The Internet of Things has successfully infiltrated our homes, but what about all of our non-connected belongings, the things we wear, sit on, and store? Alas, the digital and physical worlds are colliding, and technology is certainly changing our behavior in terms of consumption.
So what's changing, exactly? How does the up-and-coming generation think about their stuff, and how do they manage all of their physical belongings alongside their virtual lives?
Physical storage for the "minimalist, connected generation"
Not only are we accumulating stuff we don't want (millennials are minimalists, if you haven't heard), but many people who live in populous areas don't have that much space to store these things anyways which explains the need for new services catered to this problem.
Take Omni for example, a San Francisco-based company that is quite literally re-calibrating the way we think about storing "small" and "miscellaneous" items. You know the things which, in aggregate, can take up a ton of space, but that you use relatively infrequently: suitcases, surfboards, those textbooks you just can't let go of for whatever reason!
All you have to do is download its app, schedule a date and time for an Omni concierge to pick up the items you're interested in having stored, then the concierge takes them to a state-of-the-art storage facility where the items are photographed and cataloged. You can then view a digital catalog of your items from your phone. When you want an item back, all you have to do is request it and Omni will deliver it back to your doorstep.
Omni's seeing an interesting element of engagement from its users. "It creates a 'magic moment' for people where they actually want to show off what's important to them in an organized way," says Omni Co-founder and CEO Tom McLeod. Some users take pride in showing off their sneaker collections or storing seasonal clothing (out of sight, but still in mind) while others, such as event producer Samantha Smith of Samantha Smith Productions, use it as an inventory tool for their businesses. Smith stores more than 2,000 items via Omni, from stemware and linens to votive candles and centerpieces.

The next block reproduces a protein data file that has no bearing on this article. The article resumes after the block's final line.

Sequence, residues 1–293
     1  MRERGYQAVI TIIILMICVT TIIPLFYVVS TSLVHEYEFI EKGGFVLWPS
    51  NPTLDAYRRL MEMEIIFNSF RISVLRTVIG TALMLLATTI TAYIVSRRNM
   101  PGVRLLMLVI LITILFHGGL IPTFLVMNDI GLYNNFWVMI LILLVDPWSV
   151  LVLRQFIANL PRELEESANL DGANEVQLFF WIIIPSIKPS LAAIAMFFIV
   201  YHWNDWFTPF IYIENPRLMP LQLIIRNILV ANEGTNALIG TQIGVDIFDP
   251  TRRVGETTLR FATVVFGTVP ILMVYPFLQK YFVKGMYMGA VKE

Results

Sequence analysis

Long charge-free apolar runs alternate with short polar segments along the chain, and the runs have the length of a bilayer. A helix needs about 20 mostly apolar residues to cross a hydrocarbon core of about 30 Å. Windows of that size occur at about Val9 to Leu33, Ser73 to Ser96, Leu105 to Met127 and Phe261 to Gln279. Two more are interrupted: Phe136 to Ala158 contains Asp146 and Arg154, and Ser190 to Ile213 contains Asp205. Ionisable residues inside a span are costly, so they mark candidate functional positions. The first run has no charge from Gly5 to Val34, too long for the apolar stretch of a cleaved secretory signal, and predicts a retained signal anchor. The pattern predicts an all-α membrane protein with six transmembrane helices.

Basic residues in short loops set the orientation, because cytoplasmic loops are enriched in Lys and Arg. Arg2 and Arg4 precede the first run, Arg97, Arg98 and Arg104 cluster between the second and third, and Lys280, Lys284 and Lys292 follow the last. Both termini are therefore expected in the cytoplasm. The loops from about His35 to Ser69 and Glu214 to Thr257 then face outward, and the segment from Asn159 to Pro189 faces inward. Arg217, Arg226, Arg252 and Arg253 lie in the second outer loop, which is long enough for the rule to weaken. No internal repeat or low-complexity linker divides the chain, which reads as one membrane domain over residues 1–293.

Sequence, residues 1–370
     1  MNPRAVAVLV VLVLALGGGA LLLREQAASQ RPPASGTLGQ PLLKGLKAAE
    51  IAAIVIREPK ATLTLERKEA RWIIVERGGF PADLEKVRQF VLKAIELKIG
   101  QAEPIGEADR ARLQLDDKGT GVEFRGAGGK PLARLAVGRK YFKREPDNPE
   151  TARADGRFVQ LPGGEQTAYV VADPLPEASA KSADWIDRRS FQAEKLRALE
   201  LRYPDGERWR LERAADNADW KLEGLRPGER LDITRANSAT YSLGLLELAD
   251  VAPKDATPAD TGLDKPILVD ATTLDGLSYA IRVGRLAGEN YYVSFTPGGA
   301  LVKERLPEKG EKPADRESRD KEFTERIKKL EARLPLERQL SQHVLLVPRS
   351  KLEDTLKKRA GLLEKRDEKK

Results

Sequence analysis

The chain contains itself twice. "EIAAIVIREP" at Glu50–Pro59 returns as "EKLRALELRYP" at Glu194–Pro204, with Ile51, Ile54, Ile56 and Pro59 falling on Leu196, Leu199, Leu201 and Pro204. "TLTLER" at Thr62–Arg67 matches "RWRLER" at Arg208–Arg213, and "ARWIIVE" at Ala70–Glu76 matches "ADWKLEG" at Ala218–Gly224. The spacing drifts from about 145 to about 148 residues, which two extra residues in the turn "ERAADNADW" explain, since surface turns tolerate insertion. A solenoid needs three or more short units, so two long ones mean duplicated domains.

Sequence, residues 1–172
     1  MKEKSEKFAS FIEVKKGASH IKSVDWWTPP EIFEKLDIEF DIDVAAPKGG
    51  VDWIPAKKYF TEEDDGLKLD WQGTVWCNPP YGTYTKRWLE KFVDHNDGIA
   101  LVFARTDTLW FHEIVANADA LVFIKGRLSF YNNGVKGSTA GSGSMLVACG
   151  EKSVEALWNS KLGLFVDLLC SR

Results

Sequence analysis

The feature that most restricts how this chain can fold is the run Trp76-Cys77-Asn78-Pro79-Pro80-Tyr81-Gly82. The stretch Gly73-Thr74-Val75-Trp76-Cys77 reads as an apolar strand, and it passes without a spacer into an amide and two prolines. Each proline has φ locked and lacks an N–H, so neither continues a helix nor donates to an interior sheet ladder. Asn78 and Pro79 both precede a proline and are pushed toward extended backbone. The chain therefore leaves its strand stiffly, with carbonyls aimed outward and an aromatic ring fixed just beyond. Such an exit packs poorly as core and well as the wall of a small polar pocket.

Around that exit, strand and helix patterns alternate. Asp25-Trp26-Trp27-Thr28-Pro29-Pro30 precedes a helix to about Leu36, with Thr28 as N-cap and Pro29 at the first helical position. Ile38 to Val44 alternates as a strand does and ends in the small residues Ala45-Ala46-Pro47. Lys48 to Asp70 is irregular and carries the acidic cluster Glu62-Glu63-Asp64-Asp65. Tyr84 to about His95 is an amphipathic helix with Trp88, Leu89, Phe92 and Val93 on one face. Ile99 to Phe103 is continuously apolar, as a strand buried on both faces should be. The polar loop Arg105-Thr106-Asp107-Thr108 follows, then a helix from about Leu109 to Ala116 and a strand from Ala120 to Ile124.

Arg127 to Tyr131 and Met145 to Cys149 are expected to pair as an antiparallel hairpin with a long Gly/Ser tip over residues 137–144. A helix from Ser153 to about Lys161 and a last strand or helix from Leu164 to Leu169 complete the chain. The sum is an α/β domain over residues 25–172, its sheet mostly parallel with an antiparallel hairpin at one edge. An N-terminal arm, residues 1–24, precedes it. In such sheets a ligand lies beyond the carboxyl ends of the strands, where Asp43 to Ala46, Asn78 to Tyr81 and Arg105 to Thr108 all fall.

Modern stuff-tracking for the "labeling obsessed"
Dhanush Balachandran, founder and CEO of Sortly, an app that helps you organize and label your things, comments: "I think our generation is not as emotionally attached to 'stuff' as our parents and prior generations. The younger generation prefers to gain new experiences and create memories as opposed to accumulating." He adds, "At the same time, today's clever retargeting ads successfully get people to buy things they don't necessarily want."
Sortly allows you to snap photos of your things with your phone, digitally categorize them as you please, then print your own labels (complete with QR codes) using off-the-shelf self-adhesive labels. Needless to say, we've come a long way since punch-tape label makers.
Tracking and protection for the "data conscious"
Tr?v, on the other hand, takes stuff-tracking to another level. It isn't just about organizing; the app helps you keep track of what you own so you can protect it through the app's on-demand insurance platform. Track your things by snapping a photo, searching the database, or scanning a receipt and Tr?v automatically pulls in information about them. Once all the details are there, including value of the item, you have the option to insure your items individually for a length of time you choose.
Jeff Berezny, VP of Marketing at Tr?v comments, "Today, insurance policies, particularly home and renters insurance, are extremely restrictive, forcing people to pay a set fee to insure a broad group of items. If you take a close look at the fine print, you'll see that these policies often don't cover the items that are most important to people in the situations that are most relevant, such as if your laptop were stolen while you're on the go or a bicycle is damaged while kept outside of your home."
TTr?v's mission is to change this by building a new type of insurance platform built with the mobile generation in mind. You get to digitally catalog the things in your life which are important to you and insure them with a tap. How about that?
Today, people what to know what they have and its value so they can get more use out of it and/or use it only as needed. When you think about it, it's just another aspect of the "sharing economy." If we're going to commit to owning something, we want to get the most we can out of it, which seems completely rational and dare I say judicious. Technology, in all it's glorious intangible forms, is now allowing us to "optimize" the physical things we own.
Now, imagine that!